Impacting Healthcare: Organizing Medical “Hotspots”

Health Care Labor Organizing Organizing

v41Toronto Dr. Atul Gawande writing in the current issue of The New Yorker (1/24/11) interjects himself once again into the national (global?) health care debate by pointing out that hard data often reveals, as it did in Camden, New Jersey, that as much as 30% of health care costs are generated by as few as 1% of the patients.  Drawing from the Comstat work in policing, where computer aided analyzed systemic data collection and pointed to crime hot spots, arguably allowing police departments to focus more energy and personnel to deal with such problems, some of the same applications Gawande reports are shifting attention to patients with significant results in Camden, Atlantic City, and other innovative hospitals and health plans.

This would seem to be an “ah ha!” moment, it seems so obvious.   In union organizing and administration it has long been an understood fact in the tension between organizing model and service model unions that the same rough distribution of resources, if not more, are true in membership maintenance:  1% of the members require 30 to 50% of the contract administration and grievance handling resources.  In community organizing among lower income families I was introduced to the insights about “multi-problem” families virtually from the day I hit my first doors with welfare rights in Springfield, Massachusetts.  I would run into other organizers in Boston who had gone to social work schools and they would joke about it all the time in a general way before computers allowed any of us to understand what such families said about gridlocks in resource and personnel distribution.  Inevitably changing such patterns caused huge conflict, because inexperienced organizers would get drawn into virtually personal service relationships with particular members or leaders, which might have seemed a good idea to them when they were trying to win trust “on the cheap,” but always caused conflict when more real organizing programs more equitably distributed staffing to goals and membership production, rather than individual leader or member service.  My memory of “firing” a volunteer when I began in Arkansas, upon realizing he had become little more than the chauffeur, lender, and problem solver for one old leader, made it possible to work with everyone, but was something the “leader” never forgave me for!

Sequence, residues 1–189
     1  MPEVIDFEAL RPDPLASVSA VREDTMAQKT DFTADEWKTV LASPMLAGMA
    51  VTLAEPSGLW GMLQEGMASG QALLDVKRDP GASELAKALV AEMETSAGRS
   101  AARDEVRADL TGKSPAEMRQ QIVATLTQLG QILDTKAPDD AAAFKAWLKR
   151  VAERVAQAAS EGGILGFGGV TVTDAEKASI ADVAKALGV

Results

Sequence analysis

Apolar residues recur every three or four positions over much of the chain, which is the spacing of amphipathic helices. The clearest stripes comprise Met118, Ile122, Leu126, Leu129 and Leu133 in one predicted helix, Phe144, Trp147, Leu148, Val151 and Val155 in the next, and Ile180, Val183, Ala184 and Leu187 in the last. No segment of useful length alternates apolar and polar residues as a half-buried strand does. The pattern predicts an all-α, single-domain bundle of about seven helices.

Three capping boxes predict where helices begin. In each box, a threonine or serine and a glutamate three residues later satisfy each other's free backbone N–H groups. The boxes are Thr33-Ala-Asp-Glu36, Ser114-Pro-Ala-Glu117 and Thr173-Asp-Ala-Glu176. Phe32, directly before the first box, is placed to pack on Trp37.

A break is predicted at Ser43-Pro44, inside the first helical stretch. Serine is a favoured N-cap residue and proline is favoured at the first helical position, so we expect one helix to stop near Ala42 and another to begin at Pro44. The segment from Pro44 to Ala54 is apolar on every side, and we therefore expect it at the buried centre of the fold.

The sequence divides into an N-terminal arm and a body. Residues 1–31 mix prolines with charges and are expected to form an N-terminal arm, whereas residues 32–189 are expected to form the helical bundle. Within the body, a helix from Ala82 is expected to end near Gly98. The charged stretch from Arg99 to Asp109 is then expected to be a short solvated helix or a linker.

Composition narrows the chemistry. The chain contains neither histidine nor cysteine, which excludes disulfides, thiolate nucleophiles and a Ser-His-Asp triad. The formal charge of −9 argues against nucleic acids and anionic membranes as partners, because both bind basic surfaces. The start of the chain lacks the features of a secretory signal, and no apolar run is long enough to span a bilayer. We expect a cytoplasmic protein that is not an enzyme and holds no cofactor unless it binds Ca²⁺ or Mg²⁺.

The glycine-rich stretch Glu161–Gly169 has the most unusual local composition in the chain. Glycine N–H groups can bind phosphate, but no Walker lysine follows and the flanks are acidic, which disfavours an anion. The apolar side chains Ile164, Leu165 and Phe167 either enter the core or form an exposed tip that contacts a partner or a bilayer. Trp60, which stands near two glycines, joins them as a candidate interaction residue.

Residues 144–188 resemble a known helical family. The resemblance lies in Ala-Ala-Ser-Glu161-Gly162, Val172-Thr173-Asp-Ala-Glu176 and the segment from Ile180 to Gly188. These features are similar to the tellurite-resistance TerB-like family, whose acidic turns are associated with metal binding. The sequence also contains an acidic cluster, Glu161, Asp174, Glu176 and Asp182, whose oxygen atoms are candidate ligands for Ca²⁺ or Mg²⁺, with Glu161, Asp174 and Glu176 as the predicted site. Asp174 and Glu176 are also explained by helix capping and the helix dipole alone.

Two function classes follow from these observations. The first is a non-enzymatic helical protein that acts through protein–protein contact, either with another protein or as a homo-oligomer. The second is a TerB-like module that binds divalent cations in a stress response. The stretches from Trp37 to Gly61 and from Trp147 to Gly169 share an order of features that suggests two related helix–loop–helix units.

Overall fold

The community organizing opportunity around health issues here is also obvious.  Gawande tells several stories where the data led health care folks to sets of buildings where the 1% usually lived right down to the point where it was possible to identify the top couple of buildings that generated costs that could run to $60,000 per resident annually.  Stepping back there are few community organizers without computers who couldn’t identify the likely medical hot spots just from shoe leather already exhausted over the years.  Even union organizers who have done a lot of house visits know the areas where on every drive of lower waged workers you always have 5 to 10 visits, because of section 8 congregations, low rents, no deposit policies, and so forth in some complexes.  A couple of senior high rises quickly come to mind in different cities.  And, if we didn’t already know, it wouldn’t take but a couple of hours standing in front of any public hospital and talking to ambulance drivers or doctor shuttle drivers for them to tell you where they do the bulk of their business.

So why would we care?  We don’t necessarily gain immediately from cost reductions in the way the hospitals or health plans might, but that’s only half of the equation.  Forcing hospitals and health plans to adopt targeted programs delivers better health care and organizing the residents of the health care hot spots to demand such a program would create tangible results in terms of increased medical and related social services delivered on the spot.  In one case Gawande wrote of a building where a hospital located an on-the-spot clinic for example.  People might not be willing to organize to live longer and better, but we could definitely organize them to demand – and win – more and better health care services.

And, that’s not all.  It turns out, if Gawande, is right about where health care may be going, our very organizing could move the needle on which hospitals survive and which die, based on their attentiveness to our demands in this area.  He writes about the experience of Denmark’s health care system which has already retooled along cost and capacity terms, leading to a downsizing of institutions which might have as few as 25% surviving when the shakeout is finished for “industrial health care.”  It is clear that this is the basic incentive for the hospital administrator in Atlantic City.  He wants to end up as one of the survivors.

For the campaign targets that “get it,” our winning could mean their survival, and targets that move to partners will mean that effective organizing allows us to leverage more community benefits.

It would be nice if we could win simply with the argument of saving lives, but the stories of doctor pushback in the article are also instructive.  There are a lot of folks who are benefiting now because they get paid well to manage a broken system.  Organizing in this way around health care with a localized focus, we could not only change the system, benefit our community, create more equity, but also save lives.   What a win!

This is a campaign calling out to all organizers